English
 
Help Privacy Policy Disclaimer
  Advanced SearchBrowse

Item

ITEM ACTIONSEXPORT
  Protein sets define disease states and predict in vivo effects of drug treatment

Meierhofer, D., Weidner, C., Hartmann, L., Mayr, J. A., Han, C.-T., Schroeder, F. C., et al. (2013). Protein sets define disease states and predict in vivo effects of drug treatment. Molecular and Cellular Proteomics, 12(7), 1965-1979. doi:10.1074/mcp.M112.025031.

Item is

Files

show Files
hide Files
:
Meierhofer.pdf (Publisher version), 5MB
Name:
Meierhofer.pdf
Description:
-
Visibility:
Public
MIME-Type / Checksum:
application/pdf / [MD5]
Technical Metadata:
Copyright Date:
-
Copyright Info:
© 2013 American Society for Biochemistry and Molecular Biology
License:
-

Locators

show

Creators

show
hide
 Creators:
Meierhofer, David1, Author              
Weidner, Christopher2, Author              
Hartmann, Ludger3, Author              
Mayr, Johannes A., Author
Han, Chung-Ting2, Author              
Schroeder, Frank C., Author
Sauer, Sascha2, Author              
Affiliations:
1Mass Spectrometry (Head: David Meierhofer), Scientific Service (Head: Christoph Krukenkamp), Max Planck Institute for Molecular Genetics, Max Planck Society, ou_1479669              
2Nutrigenomics and Gene Regulation (Sascha Sauer), Independent Junior Research Groups (OWL), Max Planck Institute for Molecular Genetics, Max Planck Society, Ihnestr, 73, 14195 Berlin, Germany, ou_1479662              
3Animal Unit (Head: Ludger Hartmann), Scientific Service (Head: Manuela B. Urban), Max Planck Institute for Molecular Genetics, Max Planck Society, Ihnestr, 73, 14195 Berlin, Germany, ou_1479665              

Content

show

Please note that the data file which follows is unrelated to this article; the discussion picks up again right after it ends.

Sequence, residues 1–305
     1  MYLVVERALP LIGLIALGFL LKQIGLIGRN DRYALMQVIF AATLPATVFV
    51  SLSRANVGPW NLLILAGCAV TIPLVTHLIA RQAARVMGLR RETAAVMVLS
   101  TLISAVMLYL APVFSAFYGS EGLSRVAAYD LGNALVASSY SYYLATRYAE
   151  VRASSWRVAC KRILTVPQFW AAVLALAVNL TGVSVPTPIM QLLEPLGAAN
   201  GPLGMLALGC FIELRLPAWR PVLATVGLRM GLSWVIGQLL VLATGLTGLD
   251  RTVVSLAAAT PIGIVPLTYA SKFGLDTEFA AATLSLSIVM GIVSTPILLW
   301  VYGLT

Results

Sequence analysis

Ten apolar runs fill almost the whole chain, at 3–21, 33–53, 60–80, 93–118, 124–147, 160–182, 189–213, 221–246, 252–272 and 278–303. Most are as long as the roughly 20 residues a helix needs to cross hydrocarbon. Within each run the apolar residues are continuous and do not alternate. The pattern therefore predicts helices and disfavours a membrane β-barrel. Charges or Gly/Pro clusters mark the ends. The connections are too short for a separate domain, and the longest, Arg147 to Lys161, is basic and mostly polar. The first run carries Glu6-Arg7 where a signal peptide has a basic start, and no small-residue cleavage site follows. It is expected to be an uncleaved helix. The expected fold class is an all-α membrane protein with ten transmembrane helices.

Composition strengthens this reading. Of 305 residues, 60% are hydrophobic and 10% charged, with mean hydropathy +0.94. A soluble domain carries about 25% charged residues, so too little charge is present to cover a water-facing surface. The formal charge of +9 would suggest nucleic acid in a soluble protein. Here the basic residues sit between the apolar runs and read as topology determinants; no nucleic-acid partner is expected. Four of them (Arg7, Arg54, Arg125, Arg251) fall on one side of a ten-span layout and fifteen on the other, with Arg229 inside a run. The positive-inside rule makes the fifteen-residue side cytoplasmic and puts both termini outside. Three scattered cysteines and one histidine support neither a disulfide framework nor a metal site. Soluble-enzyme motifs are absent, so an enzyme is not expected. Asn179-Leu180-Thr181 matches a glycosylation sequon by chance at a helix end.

hide
Free keywords: -
 Abstract: Gaining understanding of common complex diseases and their treatments are the main drivers for life sciences. As we show here, comprehensive protein set analyses offer new opportunities to decipher functional molecular networks of diseases and assess the efficacy and side-effects of treatments in vivo. Using mass spectrometry, we quantitatively detected several thousand proteins and observed significant changes in protein pathway (dys-) regulated in diet-induced obesity mice. Analysis of the expression and posttranslational modifications of proteins in various peripheral metabolic target tissues including adipose, heart and liver tissue generated functional insights in the regulation of cell and tissue homeostasis during high fat diet and medication with two anti-diabetic compounds. Protein set analyses singled out pathways for functional characterization, and indicated for example early on potential cardiovascular complication of the diabetes drug rosiglitazone. In vivo protein set detection can provide new avenues for monitoring complex disease processes, and for evaluating preclinical drug candidates.

Details

show
hide
Language(s): eng - English
 Dates: 2013-04-112013-07
 Publication Status: Published in print
 Pages: -
 Publishing info: -
 Table of Contents: -
 Rev. Type: Peer
 Identifiers: DOI: 10.1074/mcp.M112.025031
ISSN: 1535-9484 (Electronic)1535-9476 (Print)
URI: http://www.ncbi.nlm.nih.gov/pubmed/23579186
 Degree: -

Event

show

Legal Case

show

Project information

show

Source 1

show
hide
Title: Molecular and Cellular Proteomics
Source Genre: Journal
 Creator(s):
Affiliations:
Publ. Info: Bethesda, MD : American Society for Biochemistry and Molecular Biology
Pages: - Volume / Issue: 12 (7) Sequence Number: - Start / End Page: 1965 - 1979 Identifier: ISSN: 1535-9476
CoNE: https://pure.mpg.de/cone/journals/resource/111035577487002